Calendar An icon of a desk calendar. Cancel An icon of a circle with a diagonal line across. Caret An icon of a block arrow pointing to the right. Email An icon of a paper envelope. Facebook An icon of the Facebook "f" mark. Google An icon of the Google "G" mark. Linked In An icon of the Linked In "in" mark. Logout An icon representing logout. Profile An icon that resembles human head and shoulders. Telephone An icon of a traditional telephone receiver. Tick An icon of a tick mark. Is Public An icon of a human eye and eyelashes. Is Not Public An icon of a human eye and eyelashes with a diagonal line through it. Pause Icon A two-lined pause icon for stopping interactions. Quote Mark A opening quote mark. Quote Mark A closing quote mark. Arrow An icon of an arrow. Folder An icon of a paper folder. Breaking An icon of an exclamation mark on a circular background. Camera An icon of a digital camera. Caret An icon of a caret arrow. Clock An icon of a clock face. Close An icon of the an X shape. Close Icon An icon used to represent where to interact to collapse or dismiss a component Comment An icon of a speech bubble. Comments An icon of a speech bubble, denoting user comments. Ellipsis An icon of 3 horizontal dots. Envelope An icon of a paper envelope. Facebook An icon of a facebook f logo. Camera An icon of a digital camera. Home An icon of a house. Instagram An icon of the Instagram logo. LinkedIn An icon of the LinkedIn logo. Magnifying Glass An icon of a magnifying glass. Search Icon A magnifying glass icon that is used to represent the function of searching. Menu An icon of 3 horizontal lines. Hamburger Menu Icon An icon used to represent a collapsed menu. Next An icon of an arrow pointing to the right. Notice An explanation mark centred inside a circle. Previous An icon of an arrow pointing to the left. Rating An icon of a star. Tag An icon of a tag. Twitter An icon of the Twitter logo. Video Camera An icon of a video camera shape. Speech Bubble Icon A icon displaying a speech bubble WhatsApp An icon of the WhatsApp logo. Information An icon of an information logo. Plus A mathematical 'plus' symbol. Duration An icon indicating Time. Success Tick An icon of a green tick. Success Tick Timeout An icon of a greyed out success tick. Loading Spinner An icon of a loading spinner.

Basel Committee releases bank guidance for managing climate risk

© Shutterstock / evan_huangBasel Committee Climate Risk typed on paper

The global standard setter for banking regulation, the Basel Committee on Banking Supervision (BCBS), has published guidance on how banks and supervisors should address climate risk.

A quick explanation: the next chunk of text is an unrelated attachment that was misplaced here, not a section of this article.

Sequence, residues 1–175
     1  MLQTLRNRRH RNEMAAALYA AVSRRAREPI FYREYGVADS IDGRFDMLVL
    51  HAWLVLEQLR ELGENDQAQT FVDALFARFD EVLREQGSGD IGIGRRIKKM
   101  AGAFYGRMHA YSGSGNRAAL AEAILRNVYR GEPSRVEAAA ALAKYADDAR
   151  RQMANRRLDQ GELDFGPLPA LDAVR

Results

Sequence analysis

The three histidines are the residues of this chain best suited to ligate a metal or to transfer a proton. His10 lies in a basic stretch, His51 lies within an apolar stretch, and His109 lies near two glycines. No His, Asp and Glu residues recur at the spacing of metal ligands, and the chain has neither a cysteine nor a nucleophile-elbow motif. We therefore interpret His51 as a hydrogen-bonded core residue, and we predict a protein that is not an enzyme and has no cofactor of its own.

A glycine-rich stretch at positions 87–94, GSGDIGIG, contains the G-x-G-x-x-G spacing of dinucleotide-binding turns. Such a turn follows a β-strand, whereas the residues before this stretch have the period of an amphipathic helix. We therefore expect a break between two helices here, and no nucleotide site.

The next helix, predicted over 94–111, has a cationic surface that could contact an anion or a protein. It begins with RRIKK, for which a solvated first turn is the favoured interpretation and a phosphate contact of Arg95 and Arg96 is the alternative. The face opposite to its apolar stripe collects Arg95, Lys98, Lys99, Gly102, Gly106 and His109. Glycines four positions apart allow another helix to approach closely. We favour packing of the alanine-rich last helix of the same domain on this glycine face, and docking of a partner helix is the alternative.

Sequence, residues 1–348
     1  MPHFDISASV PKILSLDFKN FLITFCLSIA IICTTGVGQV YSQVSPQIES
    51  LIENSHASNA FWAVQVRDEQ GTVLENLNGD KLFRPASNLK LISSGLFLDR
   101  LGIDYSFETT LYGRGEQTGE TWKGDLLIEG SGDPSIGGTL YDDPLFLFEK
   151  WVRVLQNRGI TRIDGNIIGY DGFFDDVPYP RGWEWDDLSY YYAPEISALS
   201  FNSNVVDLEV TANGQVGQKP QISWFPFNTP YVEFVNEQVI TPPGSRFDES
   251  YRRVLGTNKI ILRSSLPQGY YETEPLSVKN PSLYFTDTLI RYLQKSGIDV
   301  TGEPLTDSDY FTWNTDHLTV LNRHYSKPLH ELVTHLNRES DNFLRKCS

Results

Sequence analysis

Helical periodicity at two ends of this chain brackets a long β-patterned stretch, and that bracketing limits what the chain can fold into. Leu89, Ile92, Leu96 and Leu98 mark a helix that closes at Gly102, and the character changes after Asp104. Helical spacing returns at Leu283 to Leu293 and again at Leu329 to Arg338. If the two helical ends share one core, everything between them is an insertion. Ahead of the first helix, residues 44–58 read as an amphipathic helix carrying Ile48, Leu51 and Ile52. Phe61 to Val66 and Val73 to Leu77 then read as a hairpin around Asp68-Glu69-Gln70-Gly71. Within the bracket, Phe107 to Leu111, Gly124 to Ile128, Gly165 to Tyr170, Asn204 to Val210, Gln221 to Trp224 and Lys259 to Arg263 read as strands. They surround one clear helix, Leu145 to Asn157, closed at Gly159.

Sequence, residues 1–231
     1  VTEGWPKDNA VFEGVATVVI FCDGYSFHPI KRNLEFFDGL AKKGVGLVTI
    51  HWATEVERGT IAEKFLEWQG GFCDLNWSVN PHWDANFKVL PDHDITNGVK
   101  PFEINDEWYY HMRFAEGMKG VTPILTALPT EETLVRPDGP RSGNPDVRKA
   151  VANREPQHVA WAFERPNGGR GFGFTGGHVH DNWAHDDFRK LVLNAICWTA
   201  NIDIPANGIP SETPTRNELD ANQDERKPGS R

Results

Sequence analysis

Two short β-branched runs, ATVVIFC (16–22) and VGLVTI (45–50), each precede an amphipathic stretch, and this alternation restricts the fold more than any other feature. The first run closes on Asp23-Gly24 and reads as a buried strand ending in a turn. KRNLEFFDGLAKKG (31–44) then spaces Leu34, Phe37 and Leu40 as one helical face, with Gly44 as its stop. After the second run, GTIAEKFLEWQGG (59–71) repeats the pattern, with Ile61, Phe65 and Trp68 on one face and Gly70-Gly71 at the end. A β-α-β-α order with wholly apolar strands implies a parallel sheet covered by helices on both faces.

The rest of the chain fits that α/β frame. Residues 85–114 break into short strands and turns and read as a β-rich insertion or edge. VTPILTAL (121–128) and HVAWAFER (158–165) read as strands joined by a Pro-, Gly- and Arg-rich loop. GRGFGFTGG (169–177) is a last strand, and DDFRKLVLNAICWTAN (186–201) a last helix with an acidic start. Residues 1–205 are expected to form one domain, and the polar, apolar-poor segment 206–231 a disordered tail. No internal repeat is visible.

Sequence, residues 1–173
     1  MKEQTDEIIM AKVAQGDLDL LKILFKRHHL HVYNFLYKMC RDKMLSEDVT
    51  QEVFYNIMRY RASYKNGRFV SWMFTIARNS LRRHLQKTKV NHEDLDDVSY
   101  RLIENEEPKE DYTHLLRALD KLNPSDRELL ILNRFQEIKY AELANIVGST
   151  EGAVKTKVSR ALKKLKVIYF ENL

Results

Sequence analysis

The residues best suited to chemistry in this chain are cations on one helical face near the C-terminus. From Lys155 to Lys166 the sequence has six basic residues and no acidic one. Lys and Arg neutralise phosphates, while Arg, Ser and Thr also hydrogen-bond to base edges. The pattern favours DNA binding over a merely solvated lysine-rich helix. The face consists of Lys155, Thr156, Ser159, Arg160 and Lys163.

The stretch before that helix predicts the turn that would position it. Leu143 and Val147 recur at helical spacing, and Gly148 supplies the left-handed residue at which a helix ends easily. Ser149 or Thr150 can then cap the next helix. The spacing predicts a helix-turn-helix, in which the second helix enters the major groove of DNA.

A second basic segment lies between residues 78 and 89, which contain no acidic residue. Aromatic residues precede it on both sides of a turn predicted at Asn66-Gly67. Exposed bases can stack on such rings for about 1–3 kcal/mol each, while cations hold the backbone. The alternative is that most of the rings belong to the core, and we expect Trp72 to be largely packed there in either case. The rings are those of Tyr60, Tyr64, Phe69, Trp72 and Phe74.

It contains 18 principles (12 for banks themselves and six for regulators) outlining how banks should factor climate changes into corporate governance, risk assessment and internal controls.

This is a further step towards the integration of awareness of systemic climate risk into financial activities and is a significant step towards mainstreaming the need for a net zero transition.

Central banks to address climate risk

There has been growing pressure for clarity on the role of the financial sector, both in addressing climate change and in terms of building resilience to the potential physical and policy risks associated with climate change.

As the banking supervisory authority, the BCBS is made up of central banks and other regulatory authorities, with 45 members from 28 jurisdictions and its guidance effectively outlines the baseline for how the financial system ought to behave, through the policy recommendations of the Basel Accords.

This announcement follows the closure of its consultation period in February 2022. Of course, the announcement of the principles is not going to stop the ongoing debate as to whether or not their actions go far enough.

Climate scenario analysis and stress testing

Supervisors have, however, now been tasked with considering climate scenario analysis or stress testing (as recently undertaken by the Bank of England) in order to test the resilience of domestic banks to climate change-related risks.